What does the postfix (or suffix) U mean for the following values?

  • 13
    Note that where you see U, it's common to use the lowercase version "u", because when it's capitalized it can be easily be confused with hex constants. I.e. 0xFFFFFFFFu is more obvious than 0xFFFFFFFFU. Dec 7, 2010 at 19:41
  • 11
    the title says all, so why i need to write the question body?
    – lovespring
    Dec 7, 2010 at 20:25
  • 1
    @BillyONeal 0x11111110ll
    – Sugar
    Feb 26, 2018 at 11:20
  • @Sugar: I guess I use F a lot more than 0 and 1 in hex constants :) Feb 26, 2018 at 22:49

2 Answers 2


It stands for unsigned.

When you declare a constant, you can also specify its type. Another common example is L, which stands for long. (and you have to put it twice to specify a 64-bit constant).

Example: 1ULL.

It helps in avoiding explicit casts.

  • 11
    There are also cases where it's necessary. For instance, integral constants are interpreted as integers by the compiler, so a constant like 0xffffffffffffffff will lose its high 32 bits without the ll suffix.
    – zneak
    Dec 14, 2011 at 18:48
  • 2
    @zneak actually, it won't. Integral literals have the type that can hold the value (if such a type exists). See The type of the literal. Thus, the type of your example literal is long unsigned int on GCC 8.4.0 x86_64.
    – Ruslan
    Sep 4, 2020 at 12:44

Integer constants in C and C++ can optionally have several suffixes:

  • 123u - the value 123 is an unsigned int
  • 123l - (that's a lowercase L) 123 is a signed long
  • 123L - ditto
  • 123uL - unsigned long
  • 123LL - a signed long long, a 64 bit or 128 bit value (depending on the environment)
  • 123uLL - unsigned long long

You can read more here: https://en.cppreference.com/w/cpp/language/integer_literal

  • cppreference says for "12345...u" that "the type is unsigned long long even without a long long suffix". Quite confusing, since your answer says 123u is unsigned int. Who is right, or where is the misunderstanding?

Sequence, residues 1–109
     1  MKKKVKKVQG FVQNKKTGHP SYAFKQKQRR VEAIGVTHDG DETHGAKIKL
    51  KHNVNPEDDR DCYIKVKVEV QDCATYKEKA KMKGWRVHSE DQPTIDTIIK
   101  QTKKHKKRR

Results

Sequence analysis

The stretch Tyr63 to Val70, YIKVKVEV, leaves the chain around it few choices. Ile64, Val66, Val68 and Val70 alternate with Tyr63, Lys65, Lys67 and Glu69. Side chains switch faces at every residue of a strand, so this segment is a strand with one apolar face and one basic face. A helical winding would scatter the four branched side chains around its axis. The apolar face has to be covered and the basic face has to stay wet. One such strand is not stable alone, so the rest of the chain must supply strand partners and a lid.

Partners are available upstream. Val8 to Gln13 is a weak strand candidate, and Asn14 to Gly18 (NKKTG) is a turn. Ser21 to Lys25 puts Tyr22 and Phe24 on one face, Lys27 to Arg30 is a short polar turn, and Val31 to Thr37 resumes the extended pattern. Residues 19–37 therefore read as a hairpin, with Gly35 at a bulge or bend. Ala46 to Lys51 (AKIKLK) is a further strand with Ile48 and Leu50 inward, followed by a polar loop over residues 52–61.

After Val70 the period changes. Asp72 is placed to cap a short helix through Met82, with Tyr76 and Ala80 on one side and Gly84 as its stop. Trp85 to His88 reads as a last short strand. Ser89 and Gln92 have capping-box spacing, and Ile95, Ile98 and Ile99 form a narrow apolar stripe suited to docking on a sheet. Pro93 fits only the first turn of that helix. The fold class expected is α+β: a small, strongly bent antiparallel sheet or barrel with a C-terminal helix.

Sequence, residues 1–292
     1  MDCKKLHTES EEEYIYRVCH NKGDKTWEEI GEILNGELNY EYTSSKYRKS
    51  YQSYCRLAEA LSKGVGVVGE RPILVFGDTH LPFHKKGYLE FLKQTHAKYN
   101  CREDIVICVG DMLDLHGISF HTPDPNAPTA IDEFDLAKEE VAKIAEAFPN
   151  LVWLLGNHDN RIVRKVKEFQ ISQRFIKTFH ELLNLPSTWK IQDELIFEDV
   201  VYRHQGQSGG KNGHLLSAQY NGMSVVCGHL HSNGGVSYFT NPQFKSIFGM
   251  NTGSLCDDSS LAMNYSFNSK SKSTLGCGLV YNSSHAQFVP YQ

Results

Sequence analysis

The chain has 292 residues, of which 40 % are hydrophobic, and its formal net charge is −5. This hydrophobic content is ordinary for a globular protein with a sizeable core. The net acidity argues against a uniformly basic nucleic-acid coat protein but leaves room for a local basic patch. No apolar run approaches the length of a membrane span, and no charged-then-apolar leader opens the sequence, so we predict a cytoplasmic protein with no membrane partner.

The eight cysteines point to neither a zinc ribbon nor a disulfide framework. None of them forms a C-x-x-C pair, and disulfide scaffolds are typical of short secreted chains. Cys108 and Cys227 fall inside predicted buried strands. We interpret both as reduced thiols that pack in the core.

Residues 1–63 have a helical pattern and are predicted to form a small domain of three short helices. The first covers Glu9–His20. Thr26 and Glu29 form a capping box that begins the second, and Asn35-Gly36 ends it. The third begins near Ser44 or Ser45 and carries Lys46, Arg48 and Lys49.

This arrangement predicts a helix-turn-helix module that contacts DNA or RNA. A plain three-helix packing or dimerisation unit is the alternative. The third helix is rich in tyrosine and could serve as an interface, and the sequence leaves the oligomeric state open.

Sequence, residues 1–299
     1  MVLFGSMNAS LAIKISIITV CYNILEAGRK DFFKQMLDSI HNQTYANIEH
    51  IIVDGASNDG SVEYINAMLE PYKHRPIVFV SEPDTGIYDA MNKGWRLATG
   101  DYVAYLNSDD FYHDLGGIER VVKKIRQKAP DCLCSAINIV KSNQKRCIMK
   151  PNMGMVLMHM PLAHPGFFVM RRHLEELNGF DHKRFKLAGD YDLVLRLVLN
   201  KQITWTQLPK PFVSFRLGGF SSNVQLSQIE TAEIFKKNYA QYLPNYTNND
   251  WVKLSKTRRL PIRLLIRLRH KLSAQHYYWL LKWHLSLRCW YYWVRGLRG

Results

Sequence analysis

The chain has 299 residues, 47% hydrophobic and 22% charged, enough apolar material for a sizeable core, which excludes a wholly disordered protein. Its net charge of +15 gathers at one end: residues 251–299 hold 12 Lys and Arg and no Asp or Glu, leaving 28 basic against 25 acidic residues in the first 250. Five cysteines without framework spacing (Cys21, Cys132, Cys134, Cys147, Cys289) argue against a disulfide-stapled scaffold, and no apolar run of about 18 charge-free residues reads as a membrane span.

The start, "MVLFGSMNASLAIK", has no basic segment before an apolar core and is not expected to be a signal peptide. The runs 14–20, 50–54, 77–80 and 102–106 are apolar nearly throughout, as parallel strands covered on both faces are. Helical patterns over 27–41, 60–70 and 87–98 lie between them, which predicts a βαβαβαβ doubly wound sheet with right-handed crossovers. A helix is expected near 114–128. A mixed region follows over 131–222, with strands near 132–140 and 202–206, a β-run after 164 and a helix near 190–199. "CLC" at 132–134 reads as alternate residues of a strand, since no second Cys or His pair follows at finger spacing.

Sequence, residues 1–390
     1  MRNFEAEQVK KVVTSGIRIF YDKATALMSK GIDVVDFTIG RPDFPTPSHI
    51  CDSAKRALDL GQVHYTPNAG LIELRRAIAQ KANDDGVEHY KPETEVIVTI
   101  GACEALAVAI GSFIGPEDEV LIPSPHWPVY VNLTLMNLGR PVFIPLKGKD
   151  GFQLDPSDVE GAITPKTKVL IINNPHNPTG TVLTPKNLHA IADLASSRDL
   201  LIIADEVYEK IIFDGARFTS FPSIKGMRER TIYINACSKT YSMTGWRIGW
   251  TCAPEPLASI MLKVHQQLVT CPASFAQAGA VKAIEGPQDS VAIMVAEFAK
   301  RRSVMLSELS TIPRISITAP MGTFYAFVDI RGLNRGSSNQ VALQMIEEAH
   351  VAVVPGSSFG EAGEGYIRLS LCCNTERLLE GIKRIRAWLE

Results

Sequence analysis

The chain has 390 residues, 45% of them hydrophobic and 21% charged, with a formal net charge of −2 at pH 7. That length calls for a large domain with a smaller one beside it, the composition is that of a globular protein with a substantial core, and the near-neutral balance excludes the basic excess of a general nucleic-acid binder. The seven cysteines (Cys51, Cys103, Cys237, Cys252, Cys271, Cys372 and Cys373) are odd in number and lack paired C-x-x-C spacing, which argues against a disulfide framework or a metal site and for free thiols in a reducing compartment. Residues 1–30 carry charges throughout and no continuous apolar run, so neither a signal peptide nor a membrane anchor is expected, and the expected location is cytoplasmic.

– Ela782
    Mar 23, 2018 at 22:47
  • @Ela782: I looked at cpp reference, but couldn't find anything which says "u" implies long long. Did I misunderstand?
    – wallyk
    Mar 23, 2018 at 23:59
  • If you click my link in the comment above, near the bottom of that page, as a comment in the code example, it says: << 12345678901234567890u << '\n'; // the type is unsigned long long even without a long long suffix. Did you find that? It's certainly possible that I misunderstand that sentence.
    – Ela782
    Mar 24, 2018 at 10:42
  • 1
    Ooh I get it now, I see! Thank you! You mean "since it exceeds the range for (unsigned) int" though, because u would make it an (unsigned) int - but because the number is so large, it'll make an (unsigned) long long. Correct?
    – Ela782
    Mar 27, 2018 at 19:45
  • 2
    @Ela782: Yep. I am not sure off the top of my head, but without the u it could well be a signed long long. (checked) Nope, it overflows a 64-bit signed int. The u is needed. If the architecture it were compiled for had 128-bit ints one could choose either signed or unsigned.
    – wallyk
    Mar 28, 2018 at 1:38

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